This drawing below, scanned from Parker's book, The New Cold-Molded Boatbuilding: From Lofting to Launching, illustrates the layers used to build up these heavy hulls. In this case two opposing diagonal layers of 3/4-inch thick plywood strips are laminated over a longitudinal layer of 5/8-inch solid tongue-and-groove planking. Used this way, good quality exterior construction grade plywood of Doug fir or Southern Yellow Pine can be perfectly adequate, as the hull is not depending on one thin sheet for all it's strength. Cutting the plywood into the 9 1/2-inch wide strips as shown here also allows you to easily see if there are any huge voids in the core and allows you to discard the worst parts of a given 4 x 8-foot sheet.
The other case for non-marine plywood is in the construction of small, simple skiffs that are inexpensive in terms of both time and money invested, and can be viewed as somewhat disposable after a few years of use. In this case you might want to save some money by using a good exterior grade plywood, sealed well with epoxy. If the boat is maintained and kept out of the weather when not in use, it could last a very long time. I've built two Phil Bolger dinghies this way, using exterior grade 1/4" Luan plywood, the type sold as "underlayment" for flooring in my local building supply. At about $10 per sheet, it's cheap and can sometimes be of surprisingly good quality.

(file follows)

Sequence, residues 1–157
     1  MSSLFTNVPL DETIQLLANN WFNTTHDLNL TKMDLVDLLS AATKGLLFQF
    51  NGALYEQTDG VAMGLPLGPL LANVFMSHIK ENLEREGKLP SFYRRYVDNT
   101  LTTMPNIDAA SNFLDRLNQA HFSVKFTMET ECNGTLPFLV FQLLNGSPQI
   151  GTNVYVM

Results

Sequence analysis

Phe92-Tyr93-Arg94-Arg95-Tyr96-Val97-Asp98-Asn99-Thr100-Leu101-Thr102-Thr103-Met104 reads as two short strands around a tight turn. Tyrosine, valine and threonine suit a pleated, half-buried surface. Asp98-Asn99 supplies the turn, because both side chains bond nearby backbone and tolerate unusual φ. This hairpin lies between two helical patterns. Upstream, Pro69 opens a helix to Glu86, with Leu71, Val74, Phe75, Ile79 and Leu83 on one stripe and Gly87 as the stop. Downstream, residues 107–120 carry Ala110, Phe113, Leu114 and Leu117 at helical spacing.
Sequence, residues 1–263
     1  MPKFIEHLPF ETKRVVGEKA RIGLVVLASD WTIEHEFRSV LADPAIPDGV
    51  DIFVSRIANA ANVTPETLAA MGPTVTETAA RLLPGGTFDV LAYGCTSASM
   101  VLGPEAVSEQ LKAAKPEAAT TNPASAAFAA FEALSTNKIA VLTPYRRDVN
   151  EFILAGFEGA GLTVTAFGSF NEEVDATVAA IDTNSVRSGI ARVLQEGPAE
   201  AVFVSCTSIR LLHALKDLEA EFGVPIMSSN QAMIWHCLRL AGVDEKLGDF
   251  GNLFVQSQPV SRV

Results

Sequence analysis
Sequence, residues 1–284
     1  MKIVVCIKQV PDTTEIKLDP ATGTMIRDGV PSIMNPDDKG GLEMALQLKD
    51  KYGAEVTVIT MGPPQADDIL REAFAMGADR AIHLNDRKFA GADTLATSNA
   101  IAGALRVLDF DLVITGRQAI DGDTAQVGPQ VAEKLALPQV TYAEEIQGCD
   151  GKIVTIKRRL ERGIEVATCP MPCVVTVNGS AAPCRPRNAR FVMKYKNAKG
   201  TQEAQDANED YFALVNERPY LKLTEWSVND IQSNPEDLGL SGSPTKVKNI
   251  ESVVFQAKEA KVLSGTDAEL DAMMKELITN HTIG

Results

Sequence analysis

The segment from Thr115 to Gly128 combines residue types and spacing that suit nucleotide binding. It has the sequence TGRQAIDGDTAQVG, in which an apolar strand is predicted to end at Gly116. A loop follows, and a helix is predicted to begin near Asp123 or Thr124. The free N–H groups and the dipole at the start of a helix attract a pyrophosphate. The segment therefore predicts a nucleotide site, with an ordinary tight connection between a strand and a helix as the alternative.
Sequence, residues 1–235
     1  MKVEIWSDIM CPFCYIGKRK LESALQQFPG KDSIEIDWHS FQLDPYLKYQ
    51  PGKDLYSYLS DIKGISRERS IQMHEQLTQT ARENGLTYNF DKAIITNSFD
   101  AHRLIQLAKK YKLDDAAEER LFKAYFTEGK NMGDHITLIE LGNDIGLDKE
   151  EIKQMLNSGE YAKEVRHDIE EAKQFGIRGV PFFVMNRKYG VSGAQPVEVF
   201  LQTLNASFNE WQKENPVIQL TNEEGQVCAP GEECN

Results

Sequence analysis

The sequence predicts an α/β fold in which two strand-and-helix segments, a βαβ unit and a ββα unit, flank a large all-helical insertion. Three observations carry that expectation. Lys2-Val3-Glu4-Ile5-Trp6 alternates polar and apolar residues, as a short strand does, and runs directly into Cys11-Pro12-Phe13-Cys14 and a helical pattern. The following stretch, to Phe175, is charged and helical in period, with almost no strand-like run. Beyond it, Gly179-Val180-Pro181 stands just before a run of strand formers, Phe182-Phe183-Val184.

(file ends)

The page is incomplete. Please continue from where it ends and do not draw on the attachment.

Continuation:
Here's one of the dinghies - the Bolger "Nymph" design - which makes an excellent rowing tender for a cruising boat. I built this one with cheap Luan right from the plans given in Dynamite Payson's Build the New Instant Boats. This particular one, built for a friend to use in his fishing pond, has not seen much hard use. My other one spent several years stored upside down on the deck of my Grampian 26 and was used extensively as a dinghy the entire time I owned the boat. It's a little beaten up and rough, but still sound and seaworthy.
What it comes down to in choosing construction materials for a boat is the intended use of the vessel and also the size of your investment in time and materials. For a dinghy like the one shown above, it's optional as to whether you want to use BS-1088 Okoume at more than $60 per sheet or exterior Luan for about $10-15 per sheet. The time to build the dinghy is only a relatively small investment of evenings and maybe a couple of weekends. If you get a few years of service out of it, your time and money will be well spent.
If you are considering building a cruising-sized vessel from wood composite construction, however, especially a lightweight multihull, the time and hard labor required will more than offset the difference in plywood costs. Not many people can look at such a boat as "disposable," so consideration must be given to insuring the vessel has a long life and retains a decent resale value throughout that life. The best way to do this is to use high quality materials throughout and to document this use for a possible future buyer. The ease of working with top quality marine plywood is another factor that makes the whole project more pleasant and saves a lot of labor on fitting and finishing plywood parts. A well-built and properly maintained wooden boat built this way of excellent materials can be expected to last a lifetime and beyond. Anyone willing to put a couple thousand hours of their life into the construction of a cruising boat should expect nothing less.